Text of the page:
"This exhibition celebrates the voices of many women, of 50 writers who express their feelings about religion and love and adventure and their own places in society," explains curator Georgianna Ziegler in a twenty-five minute lecture that kicked off the Shakespeare's Sisters exhibition opening on February 6, 2012.
Ziegler shares how she came to curate the exhibition, why she thought it important that the writings of Continental women be included, and her excitement over scholars' discoveries over the past 40 years that have disproved Virginia Woolf's famous passage in which she imagines a gifted sister of William Shakespeare, completely thwarted by the social restrictions of his day.
Shakespeare's Sisters Lecture | Transcript
Transcript of the Q & A
Georgianna Ziegler is Louis B. Thalheimer Head of Reference at the Folger Shakespeare Library.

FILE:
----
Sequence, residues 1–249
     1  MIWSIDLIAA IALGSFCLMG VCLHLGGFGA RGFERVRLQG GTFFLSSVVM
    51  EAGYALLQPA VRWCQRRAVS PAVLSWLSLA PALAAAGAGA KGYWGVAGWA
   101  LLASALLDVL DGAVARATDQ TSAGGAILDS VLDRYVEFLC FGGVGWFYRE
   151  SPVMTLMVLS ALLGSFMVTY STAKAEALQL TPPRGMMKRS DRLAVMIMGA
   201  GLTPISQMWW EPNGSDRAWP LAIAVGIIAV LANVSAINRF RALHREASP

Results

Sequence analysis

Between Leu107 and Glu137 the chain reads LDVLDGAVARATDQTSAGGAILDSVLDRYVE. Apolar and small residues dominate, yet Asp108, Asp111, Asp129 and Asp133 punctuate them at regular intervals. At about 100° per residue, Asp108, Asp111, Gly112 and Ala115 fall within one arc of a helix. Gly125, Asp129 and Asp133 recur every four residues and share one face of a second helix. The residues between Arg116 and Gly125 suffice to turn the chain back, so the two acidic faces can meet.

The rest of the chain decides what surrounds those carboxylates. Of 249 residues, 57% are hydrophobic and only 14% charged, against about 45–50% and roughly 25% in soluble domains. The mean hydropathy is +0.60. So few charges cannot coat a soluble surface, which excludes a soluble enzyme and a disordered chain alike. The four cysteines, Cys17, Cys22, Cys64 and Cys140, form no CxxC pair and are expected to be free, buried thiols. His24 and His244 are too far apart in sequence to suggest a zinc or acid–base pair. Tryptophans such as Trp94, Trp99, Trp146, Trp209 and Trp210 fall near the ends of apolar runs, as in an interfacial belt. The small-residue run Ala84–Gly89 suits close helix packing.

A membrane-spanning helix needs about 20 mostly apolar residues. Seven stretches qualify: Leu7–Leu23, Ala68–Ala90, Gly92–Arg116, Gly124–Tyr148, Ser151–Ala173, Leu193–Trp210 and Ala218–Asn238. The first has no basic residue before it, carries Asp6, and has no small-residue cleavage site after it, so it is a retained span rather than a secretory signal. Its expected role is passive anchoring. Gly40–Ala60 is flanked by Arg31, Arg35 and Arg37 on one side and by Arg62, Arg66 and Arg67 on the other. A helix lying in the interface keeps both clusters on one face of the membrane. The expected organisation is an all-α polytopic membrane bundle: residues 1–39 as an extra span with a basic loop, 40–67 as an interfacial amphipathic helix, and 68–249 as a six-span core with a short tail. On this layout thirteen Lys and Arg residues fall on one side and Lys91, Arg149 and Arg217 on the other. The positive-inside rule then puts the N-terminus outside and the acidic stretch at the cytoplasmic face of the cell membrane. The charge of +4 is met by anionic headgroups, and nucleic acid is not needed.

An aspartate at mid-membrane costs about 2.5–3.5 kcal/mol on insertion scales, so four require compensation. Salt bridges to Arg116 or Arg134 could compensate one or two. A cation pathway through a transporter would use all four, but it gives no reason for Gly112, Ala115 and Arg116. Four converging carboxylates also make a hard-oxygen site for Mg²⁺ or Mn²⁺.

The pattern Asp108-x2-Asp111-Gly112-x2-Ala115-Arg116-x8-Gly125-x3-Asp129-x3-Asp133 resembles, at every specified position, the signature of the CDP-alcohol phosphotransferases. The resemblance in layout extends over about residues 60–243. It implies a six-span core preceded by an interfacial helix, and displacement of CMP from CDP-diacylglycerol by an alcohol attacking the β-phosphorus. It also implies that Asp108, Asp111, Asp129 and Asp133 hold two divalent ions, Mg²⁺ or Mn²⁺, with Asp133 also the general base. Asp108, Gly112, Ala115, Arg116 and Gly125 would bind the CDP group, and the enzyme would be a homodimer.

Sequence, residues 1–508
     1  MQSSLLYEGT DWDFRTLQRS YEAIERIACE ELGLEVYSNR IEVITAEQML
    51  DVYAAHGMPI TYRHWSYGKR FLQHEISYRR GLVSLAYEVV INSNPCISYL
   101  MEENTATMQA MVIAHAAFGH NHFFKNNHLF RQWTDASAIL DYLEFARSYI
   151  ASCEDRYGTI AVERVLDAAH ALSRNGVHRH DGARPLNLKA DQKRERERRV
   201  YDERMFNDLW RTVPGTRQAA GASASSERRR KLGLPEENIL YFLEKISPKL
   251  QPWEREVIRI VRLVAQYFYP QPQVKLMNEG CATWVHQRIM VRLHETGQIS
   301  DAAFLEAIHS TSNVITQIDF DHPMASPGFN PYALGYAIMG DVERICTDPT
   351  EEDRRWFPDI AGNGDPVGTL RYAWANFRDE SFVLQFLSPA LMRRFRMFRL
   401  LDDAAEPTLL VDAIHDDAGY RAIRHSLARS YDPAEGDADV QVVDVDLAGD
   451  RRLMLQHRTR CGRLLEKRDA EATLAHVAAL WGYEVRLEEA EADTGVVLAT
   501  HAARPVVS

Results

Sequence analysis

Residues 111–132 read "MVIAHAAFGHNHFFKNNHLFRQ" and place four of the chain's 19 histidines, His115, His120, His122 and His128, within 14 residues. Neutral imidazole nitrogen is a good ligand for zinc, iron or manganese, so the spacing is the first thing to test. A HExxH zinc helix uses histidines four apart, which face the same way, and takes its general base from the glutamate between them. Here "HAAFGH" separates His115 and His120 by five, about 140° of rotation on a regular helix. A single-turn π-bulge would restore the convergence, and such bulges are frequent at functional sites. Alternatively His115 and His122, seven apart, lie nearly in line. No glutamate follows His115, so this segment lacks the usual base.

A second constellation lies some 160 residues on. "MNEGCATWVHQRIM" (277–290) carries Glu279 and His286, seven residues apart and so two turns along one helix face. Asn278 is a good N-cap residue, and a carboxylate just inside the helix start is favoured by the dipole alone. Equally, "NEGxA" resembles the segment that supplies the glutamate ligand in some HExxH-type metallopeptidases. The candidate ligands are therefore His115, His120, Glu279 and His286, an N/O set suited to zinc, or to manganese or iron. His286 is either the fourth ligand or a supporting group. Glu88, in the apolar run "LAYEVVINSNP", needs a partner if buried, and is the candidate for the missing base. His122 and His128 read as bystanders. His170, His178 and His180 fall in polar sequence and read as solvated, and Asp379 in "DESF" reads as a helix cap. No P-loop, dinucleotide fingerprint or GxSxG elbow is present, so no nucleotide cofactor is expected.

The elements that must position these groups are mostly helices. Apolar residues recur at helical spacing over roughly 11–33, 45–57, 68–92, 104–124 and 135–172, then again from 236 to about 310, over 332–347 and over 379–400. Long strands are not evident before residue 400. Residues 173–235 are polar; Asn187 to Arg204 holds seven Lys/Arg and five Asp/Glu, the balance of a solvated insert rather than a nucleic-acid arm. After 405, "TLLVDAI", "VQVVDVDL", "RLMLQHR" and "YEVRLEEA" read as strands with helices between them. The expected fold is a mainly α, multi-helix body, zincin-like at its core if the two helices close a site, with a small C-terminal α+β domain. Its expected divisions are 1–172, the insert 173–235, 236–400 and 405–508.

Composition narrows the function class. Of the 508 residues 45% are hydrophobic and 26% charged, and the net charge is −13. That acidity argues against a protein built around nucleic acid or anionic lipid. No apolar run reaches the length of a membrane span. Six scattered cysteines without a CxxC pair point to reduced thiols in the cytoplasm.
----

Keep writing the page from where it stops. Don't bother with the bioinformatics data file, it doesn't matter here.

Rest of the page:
After receiving a doctorate at the University of Pennsylvania in early modern English and French literature, Georgianna taught at Davidson College and Wofford College in the Carolinas. She then returned to the University of Pennsylvania where she served as Curator of the Horace Howard Furness Shakespeare Library in the Rare Book Department, while also teaching classes in English literature and pursuing a library degree at Drexel University.
In 1992, Georgianna came to the Folger where, in addition to her reference and teaching work, she has curated several exhibitions, notably Shakespeare’s Unruly Women, and Elizabeth I: Then and Now, as well as co-curating exhibitions on mapping, on Shakespeare in children’s literature, and on the Boydell Shakespeare Gallery.
Georgianna is an active member of the Shakespeare Association of America and the Renaissance Society of America, and has published on Shakespeare’s heroines, on Elizabeth I and Elizabeth of Bohemia, and on the calligrapher Esther Inglis. She has recently finished a book manuscript, Domesticating the Bard: Women and Shakespeare 1790-1890.